Robert Anton Wilson and Robert Shea. Blog, Internet resources, online reading groups, articles and interviews, Illuminatus! info.

Thursday, June 30, 2022

Hilaritas podcast update

I listened to the new podcast with Jesse Walker. I enjoyed Jesse's calm reflections on how to deal with Chapel Perilous and avoid bending facts immediately to your own Belief System. If you liked listening to Jesse, you should consider reading his books; I liked the one on radio broadcasting, too, I collect radios, but The United States of Paranoia likely will be of particular interest to most RAW fans. (Should have been a runaway bestseller with that interesting text and great cover, but life isn't fair sometimes. Jesse will just have to keep toiling for Reason magazine.) 

The next podcast guest for Hilaritas will be Phil Farber in July, followed by Eric Wagner (on Beethoven! I hope it's really long) in August.

Wednesday, June 29, 2022

Prop Anon finishes posting 'Tale of the Tribe' assignments from RAW

 At his Chapel Perilous website, Prop Anon has now posted (and commented on) ten weekly assignments that Robert Anton Wilson gave out to his online Tale of the Tribe class. 

Prop, on Twitter, says he has now posted the complete set of assignments. 

This is a nice collection of resources, and I just want to make sure everyone has a chance to know about it. 

Tuesday, June 28, 2022

Nick Herbert's tribute to Hakim Bey

Nick Herbert as Jabir, declaring Tantric Jihad. 

There have been quite a few pieces published about the late Peter Lamborn Wilson, aka Hakim Bey, but one that I'd missed until recently was "hippie physicist" Nick Herbert's piece, "Death of a Moor," published at Herbert's blog.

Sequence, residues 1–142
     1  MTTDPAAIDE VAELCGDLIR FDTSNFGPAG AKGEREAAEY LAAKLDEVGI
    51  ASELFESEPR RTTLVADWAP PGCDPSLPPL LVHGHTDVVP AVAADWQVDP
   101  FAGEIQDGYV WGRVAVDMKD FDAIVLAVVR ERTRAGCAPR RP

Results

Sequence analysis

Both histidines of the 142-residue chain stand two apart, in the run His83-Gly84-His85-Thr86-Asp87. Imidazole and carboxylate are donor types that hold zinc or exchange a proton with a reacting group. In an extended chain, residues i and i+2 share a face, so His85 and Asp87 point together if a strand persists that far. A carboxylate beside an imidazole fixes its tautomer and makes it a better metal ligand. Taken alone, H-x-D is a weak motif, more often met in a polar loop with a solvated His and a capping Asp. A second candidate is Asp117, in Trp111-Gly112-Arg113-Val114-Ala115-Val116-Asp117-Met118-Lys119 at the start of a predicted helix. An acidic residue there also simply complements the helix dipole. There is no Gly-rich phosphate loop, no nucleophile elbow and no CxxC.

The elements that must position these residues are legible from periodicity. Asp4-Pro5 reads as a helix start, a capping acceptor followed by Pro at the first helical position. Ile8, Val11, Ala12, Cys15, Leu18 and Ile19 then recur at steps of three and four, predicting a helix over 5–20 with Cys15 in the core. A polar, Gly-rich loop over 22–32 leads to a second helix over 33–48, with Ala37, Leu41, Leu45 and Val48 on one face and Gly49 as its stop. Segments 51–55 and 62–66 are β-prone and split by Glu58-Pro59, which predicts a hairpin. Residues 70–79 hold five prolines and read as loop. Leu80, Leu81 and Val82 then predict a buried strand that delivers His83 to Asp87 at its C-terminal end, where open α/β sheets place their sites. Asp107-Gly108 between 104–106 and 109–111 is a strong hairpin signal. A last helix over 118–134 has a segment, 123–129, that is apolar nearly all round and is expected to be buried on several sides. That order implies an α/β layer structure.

Herbert's "Jabir" persona came from his interactions with Wilson, and Herbert describes events which also featured Robert Anton Wilson.

""Doctor Jabir achieved the height of his Moorish identity in the call for Tantric Jihad which he has performed in venues as various as house warmings and Esalen Institute," Herbert writes. 

Monday, June 27, 2022

Prometheus Rising exercise and discussion group, episode 87, Chapter 16

A page from Beethoven's manuscript for the Ninth Symphony. .

By Eric Wagner
Special guest blogger

On page 232 Bob writes of FBI agents who didn’t see godless communists everywhere, “To talk about such  perceptions at all would be to invite suspicion of eccentricity, intellectual wiseacreing or of being oneself a godless communist.” I have spent too much of my life afraid of inviting suspicion of eccentricity or intellectual wiseacreing, alas.

On page 238 Bob writes that “’Good Americans’ believed Dr. Leary was a half-crazed dope-fiend. I recall in the 1980’s I heard multiple people who didn’t like Dr. Leary refer to him as “Mr. O’Leary”, both taking away his doctorate and emphasizing his Irishness.

I find Bob’s discussion of “the Mind War symphony” on page 241 very interesting. Of course, I think of Beethoven’s Ninth Symphony. Bob writes about the fourth movement of that symphony in the upcoming chapter on the eighth circuit. In this chapter Bob writes:

The first movement was the primitive neuroscience of ancient and medieval tyrants who acquired a great deal of pragmatic know-how about the effects of isolation, terror and intimidation; and of shamans and occultists who learned how neuro-chemicals can alter perceived reality-tunnels. The second movement began with modern psychology, with Freud, Pavlov, Jung, Skinner, etc., climaxing with the LSD revolution and the discovery by millions that reality-tunnels could be radically mutated – temporarily and sometimes permanently – by neurochemistry.

The third movement is the growingly obvious warfare between those who would program all of us, and those of us who wish to become our own Metaprogrammers.

If one sees Beethoven’s Ninth as somewhat isomorphic to this model, Bob’s words on the fourth movement seem apropos: